From music band member to tech pioneer.
Interview with Regine Haschka-Helmer - Part One.
|Interview by:||Lena Rübelmann||Video by:||Birka Wolff||Edited by:||Valeria Pinto|
|Reading Time:||9 Min.||Date:||22.11.2018|
In the course of our role models series, in which we introduce you to women in the tech industry, Regine Haschka-Helmer is one to keep your eye on. She breaks stereotypes about the tech industry, encouraging people to engage in the tech field. Not only is she the CEO of the company Seedlab, (which she founded) but also joined IOTA foundations. While she did not start out in the tech field, she managed to find herself in a leading position within the industry. In addition to her unconventional background, she was the youngest woman on a managing board of a German publicly-listed company. She is what you would consider a ‘maker’ by definition, someone who breaks clichés and, therefore, opens up new pathways for others. Since there is a rather small amount of women presented in the tech industry, the position she finds herself in might be considered extra remarkable. In fact, she resents stereotypical thinking, making it clear that, by being the creator of her own company, that anything is possible, no matter the gender. Though, she does stress the misconception people have about the tech industry, which could be one of the reasons that there are few women in the field. Explaining the current changes within business culture, she highlights the importance of networking and the value of trial and error for anyone in any field. Ambition, a constant passion for innovation, and learning, as well as a major interest in problem-solving, made her stay up-to-date with the times for decades, and helped contribute to her success.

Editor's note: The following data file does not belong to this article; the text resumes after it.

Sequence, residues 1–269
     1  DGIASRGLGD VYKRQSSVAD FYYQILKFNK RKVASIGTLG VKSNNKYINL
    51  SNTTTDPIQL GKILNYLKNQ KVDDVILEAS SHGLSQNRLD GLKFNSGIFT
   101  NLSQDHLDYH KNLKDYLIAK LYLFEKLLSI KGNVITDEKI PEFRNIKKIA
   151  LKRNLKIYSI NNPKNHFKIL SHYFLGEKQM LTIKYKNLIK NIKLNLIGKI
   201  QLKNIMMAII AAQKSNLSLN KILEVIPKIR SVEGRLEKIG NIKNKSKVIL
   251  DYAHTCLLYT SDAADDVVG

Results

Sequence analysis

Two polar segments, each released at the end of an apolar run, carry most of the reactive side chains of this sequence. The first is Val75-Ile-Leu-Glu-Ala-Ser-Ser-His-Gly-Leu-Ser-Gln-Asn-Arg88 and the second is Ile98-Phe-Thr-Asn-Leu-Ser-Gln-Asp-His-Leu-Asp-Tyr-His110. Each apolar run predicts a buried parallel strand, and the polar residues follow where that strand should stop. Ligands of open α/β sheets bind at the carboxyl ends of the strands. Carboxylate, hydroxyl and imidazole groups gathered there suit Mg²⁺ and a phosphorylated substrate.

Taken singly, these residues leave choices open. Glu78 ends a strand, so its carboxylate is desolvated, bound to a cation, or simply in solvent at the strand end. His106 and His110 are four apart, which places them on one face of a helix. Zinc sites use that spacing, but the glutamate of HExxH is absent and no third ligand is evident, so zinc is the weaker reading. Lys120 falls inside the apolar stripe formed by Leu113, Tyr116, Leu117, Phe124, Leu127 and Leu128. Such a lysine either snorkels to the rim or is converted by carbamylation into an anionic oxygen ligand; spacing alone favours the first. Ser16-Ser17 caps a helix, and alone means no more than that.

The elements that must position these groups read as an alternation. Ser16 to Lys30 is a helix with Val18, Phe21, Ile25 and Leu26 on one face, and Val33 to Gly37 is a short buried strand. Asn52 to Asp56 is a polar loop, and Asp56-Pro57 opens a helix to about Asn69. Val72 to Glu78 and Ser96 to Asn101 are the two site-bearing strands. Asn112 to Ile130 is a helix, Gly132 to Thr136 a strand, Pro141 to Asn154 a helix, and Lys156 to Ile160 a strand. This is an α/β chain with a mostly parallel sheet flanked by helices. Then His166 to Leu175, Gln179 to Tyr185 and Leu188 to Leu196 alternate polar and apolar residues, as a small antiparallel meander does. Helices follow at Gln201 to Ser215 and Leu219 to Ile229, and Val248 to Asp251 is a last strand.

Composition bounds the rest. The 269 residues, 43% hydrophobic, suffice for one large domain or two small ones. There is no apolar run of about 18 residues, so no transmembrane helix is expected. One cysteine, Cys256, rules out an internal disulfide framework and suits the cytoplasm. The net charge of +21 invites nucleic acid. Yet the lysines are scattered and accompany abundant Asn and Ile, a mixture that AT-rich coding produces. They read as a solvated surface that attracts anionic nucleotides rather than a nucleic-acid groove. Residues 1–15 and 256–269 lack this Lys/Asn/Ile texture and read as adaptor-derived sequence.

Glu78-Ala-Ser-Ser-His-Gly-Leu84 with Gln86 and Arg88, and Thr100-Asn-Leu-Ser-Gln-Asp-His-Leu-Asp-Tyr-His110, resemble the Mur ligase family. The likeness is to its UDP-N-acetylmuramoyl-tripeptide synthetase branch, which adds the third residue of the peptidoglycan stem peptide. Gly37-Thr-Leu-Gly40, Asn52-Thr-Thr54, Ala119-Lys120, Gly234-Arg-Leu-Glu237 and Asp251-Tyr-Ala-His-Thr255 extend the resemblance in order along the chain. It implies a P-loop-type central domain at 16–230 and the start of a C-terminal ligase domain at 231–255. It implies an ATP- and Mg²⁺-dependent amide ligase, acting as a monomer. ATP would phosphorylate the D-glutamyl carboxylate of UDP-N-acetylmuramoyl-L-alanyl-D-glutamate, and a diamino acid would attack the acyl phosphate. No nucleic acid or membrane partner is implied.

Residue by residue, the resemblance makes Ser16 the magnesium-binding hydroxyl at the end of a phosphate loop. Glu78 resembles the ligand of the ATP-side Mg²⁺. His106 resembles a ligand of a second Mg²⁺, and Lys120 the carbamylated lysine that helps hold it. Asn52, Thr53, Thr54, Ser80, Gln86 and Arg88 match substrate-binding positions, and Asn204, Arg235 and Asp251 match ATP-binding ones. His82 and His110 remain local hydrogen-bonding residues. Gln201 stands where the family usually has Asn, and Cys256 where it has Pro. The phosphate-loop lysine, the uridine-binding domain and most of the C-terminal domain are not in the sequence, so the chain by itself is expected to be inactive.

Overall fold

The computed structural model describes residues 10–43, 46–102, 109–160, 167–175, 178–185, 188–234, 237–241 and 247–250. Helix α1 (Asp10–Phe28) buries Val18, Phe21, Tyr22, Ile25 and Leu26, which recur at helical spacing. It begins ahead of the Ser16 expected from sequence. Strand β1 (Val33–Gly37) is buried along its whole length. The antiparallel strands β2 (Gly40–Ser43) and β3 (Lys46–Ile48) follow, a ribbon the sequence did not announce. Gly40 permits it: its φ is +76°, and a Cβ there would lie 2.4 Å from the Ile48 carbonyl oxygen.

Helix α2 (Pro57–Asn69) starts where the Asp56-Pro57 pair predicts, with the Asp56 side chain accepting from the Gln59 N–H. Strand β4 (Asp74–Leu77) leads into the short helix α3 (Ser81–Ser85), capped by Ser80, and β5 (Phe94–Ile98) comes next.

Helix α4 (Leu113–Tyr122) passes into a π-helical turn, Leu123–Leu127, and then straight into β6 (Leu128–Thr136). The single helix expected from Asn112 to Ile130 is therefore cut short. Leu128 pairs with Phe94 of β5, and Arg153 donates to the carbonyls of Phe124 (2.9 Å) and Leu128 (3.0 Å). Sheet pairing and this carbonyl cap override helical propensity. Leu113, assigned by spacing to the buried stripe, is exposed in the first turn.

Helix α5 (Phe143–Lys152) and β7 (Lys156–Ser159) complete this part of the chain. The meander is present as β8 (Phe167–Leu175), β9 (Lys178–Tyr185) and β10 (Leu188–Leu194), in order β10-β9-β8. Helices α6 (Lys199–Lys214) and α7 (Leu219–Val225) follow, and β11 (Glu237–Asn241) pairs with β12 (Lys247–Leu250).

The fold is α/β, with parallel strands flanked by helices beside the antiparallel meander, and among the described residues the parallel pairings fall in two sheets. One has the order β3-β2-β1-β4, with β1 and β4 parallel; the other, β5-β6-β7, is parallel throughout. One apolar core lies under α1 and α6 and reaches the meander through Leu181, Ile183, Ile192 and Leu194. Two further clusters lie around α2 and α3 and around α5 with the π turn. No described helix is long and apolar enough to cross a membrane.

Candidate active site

Q: What is the most essential information people should know about you and your job?